Pentecost May 27, 2007
229, 224, 371, 740 (TLH alt: 234)
Hymns from The Lutheran Hymnal (1941) unless otherwise noted
[Jesus said], “But now I go away to Him who sent Me, and none of you asks Me, ‘Where are You going?’ But because I have said these things to you, sorrow has filled your heart. Nevertheless I tell you the truth. It is to your advantage that I go away; for if I do not go away, the Helper will not come to you; but if I depart, I will send Him to you. And when He has come, He will convict the world of sin, and of righteousness, and of judgment: of sin, because they do not believe in Me; of righteousness, because I go to My Father and you see Me no more; of judgment, because the ruler of this world is judged.”
Dear fellow Christians:
Some months ago a student at a local high school was shot and killed after a basketball game. When classes resumed counselors were on hand to talk with students and help them cope with the tragedy. They were there to comfort, support, and give them strength to go on.
When choosing what you want to do when you grow up seems hopeless because there are so many possibilities, a counselor might help by talking with you about your interests and talents.
A financial counselor can help unravel the complexities of buying a home or planning for retirement.
In times of crisis or confusion, or when we are looking for knowledge and understanding, a good counselor can make sense of the situation.
That is what the disciples needed. Jesus was leaving, and all they could think of was their loss. They did not ask “why?” or “where?” Nothing made sense to them. That is when Jesus promised to send them the finest counselor of all—the Holy Spirit. The fulfillment of that promise is the reason for our praise today, for the Spirit is our Counselor as well.
Jesus calls Him the “Helper.” The Greek word means “Someone called to your side,” like a counselor who comes and sits down beside you to talk with you. His work, Jesus said, would be to “convict” the world. Here, too, the original language helps our understanding. The term does not mean only “convict” in the sense of convicting someone of wrongdoing, but also to “convince” someone of the truth. The Holy Spirit does that kind of convincing in three areas:
The first is sin. “He will convict the world of sin….because they do not believe in Me.” [vv.8f] The Spirit did just that on Pentecost. He came with the tornado-like sound of rushing wind and tongues of fire and enabled the apostles to speak in different languages to all the people who had gathered to see what was going on. The apostles preached to the people about Jesus. They said, “God sent His Son to earth, and you are guilty of crucifying Him, but God raised Him again” (cf. Acts 2). It is not what the people wanted to hear, but the job of counselors is to say what needs to be heard.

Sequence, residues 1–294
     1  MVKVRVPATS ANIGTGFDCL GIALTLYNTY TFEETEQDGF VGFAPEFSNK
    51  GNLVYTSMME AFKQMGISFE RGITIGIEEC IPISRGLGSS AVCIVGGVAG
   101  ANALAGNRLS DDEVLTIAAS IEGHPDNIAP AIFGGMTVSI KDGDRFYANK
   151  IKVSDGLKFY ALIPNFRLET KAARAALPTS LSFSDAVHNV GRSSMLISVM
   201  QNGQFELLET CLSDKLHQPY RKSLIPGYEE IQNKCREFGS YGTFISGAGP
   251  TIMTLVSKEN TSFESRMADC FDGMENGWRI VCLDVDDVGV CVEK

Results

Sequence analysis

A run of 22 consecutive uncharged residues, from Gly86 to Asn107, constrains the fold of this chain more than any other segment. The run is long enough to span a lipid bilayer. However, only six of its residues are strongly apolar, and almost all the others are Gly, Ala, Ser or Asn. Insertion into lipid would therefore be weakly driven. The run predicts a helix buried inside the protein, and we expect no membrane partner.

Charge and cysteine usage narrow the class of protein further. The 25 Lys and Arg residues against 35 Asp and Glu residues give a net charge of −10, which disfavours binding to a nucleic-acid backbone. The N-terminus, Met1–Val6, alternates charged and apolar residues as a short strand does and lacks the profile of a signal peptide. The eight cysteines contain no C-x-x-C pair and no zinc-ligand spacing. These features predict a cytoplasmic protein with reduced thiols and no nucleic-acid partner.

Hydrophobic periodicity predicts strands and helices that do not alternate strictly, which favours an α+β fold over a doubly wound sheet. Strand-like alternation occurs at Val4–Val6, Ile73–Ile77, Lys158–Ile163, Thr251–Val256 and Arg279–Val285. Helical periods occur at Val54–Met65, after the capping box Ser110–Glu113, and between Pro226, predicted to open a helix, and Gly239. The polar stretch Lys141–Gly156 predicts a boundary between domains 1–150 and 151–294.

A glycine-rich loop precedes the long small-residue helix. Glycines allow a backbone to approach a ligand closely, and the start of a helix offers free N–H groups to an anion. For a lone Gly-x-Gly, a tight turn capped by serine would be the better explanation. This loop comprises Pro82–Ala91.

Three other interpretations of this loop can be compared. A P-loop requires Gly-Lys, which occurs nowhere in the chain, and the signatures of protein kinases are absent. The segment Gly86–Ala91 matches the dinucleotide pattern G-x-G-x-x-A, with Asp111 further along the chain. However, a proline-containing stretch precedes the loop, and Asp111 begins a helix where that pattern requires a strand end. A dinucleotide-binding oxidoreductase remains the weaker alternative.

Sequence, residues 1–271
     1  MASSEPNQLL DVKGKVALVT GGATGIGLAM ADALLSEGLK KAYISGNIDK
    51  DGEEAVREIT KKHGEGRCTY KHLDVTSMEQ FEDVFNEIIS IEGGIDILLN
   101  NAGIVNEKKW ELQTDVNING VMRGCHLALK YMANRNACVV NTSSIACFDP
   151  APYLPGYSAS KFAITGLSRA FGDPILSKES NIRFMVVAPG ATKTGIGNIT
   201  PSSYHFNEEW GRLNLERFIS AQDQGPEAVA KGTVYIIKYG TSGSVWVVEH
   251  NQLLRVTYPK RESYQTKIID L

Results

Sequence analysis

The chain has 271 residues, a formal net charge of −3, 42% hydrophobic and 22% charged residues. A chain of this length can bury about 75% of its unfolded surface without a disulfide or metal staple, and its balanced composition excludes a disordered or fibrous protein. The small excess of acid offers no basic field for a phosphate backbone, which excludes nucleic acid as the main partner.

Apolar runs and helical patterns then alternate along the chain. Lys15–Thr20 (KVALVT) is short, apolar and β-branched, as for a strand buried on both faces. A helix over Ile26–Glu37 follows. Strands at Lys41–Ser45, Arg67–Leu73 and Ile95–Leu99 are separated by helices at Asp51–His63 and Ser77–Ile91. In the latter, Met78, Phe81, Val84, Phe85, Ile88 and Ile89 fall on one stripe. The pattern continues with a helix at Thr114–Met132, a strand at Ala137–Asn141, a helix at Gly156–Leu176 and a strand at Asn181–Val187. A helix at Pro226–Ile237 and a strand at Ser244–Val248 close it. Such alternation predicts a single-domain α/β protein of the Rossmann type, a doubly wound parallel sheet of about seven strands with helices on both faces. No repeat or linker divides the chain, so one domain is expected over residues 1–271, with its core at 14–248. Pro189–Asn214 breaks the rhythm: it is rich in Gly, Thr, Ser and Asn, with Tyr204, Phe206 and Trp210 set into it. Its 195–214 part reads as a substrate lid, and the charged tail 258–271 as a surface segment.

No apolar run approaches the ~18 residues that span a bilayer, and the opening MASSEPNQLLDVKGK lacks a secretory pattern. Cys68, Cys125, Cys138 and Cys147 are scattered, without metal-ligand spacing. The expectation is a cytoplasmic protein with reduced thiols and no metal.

The people listened to Peter and the others, but not because of their skill in speechmaking or their reputation. These were fishermen who some claimed were just drunk. But the people listened and many were convinced because their words were the Spirit’s. The people were cut to the heart. They knew they had sinned. They said, “What should we do?” Peter’s answer was, “Repent and be baptized in the name of Jesus Christ, so that your sins may be forgiven” (Acts 2:38). Just as the Spirit convinced the people of their sin, so He convinced them that Jesus was their Savior. That day alone 3,000 souls were added to the Church!
We need the counsel of the Holy Spirit too, because at one time we were also part of the world and dead in sin. “Like the rest, we were by nature objects of wrath” (Ephesians 2:3 NIV). But then through the water and word of Baptism, the Holy Spirit convinced us. He convinced us that we were lost sinners and then He led us to see Jesus as our Savior. Even when we were infants, the Spirit did that work within us. Day-by-day we need the Spirit by our side as the divine Counselor because we sin every day.
Every sin is serious and condemns because it is an offense against the holy God. Worry is a sin because it is a lack of trust in God’s ability and promise to care for us. Greed is rejecting what God says about being content with what He gives. Going off our own way is telling God, “I don’t trust that You know what is best for my life.” All of this is true, but unless we are convinced of it, we won’t turn to the Lord in repentance. The Spirit convinces us that yes, without question, we are guilty sinners. But He doesn’t stop there. He comforts us by convincing us that, in spite of our worthlessness, God loves us and sent Jesus to save us from sin so that whoever believes in Him should not perish but have everlasting life.
Having brought us to faith, the Spirit now works through us to convince others. Never underestimate the convincing power of the Spirit. Have you ever hesitated to speak to someone about the Lord because you felt that it was wasted effort? Was a person so hostile and stubborn that you thought it would do no good? Did the person have no respect for you? Don’t let those things stop you from speaking about Jesus. The power is not in us, but in the Spirit. He has convinced our hearts, and he can certainly convince the hearts of others too.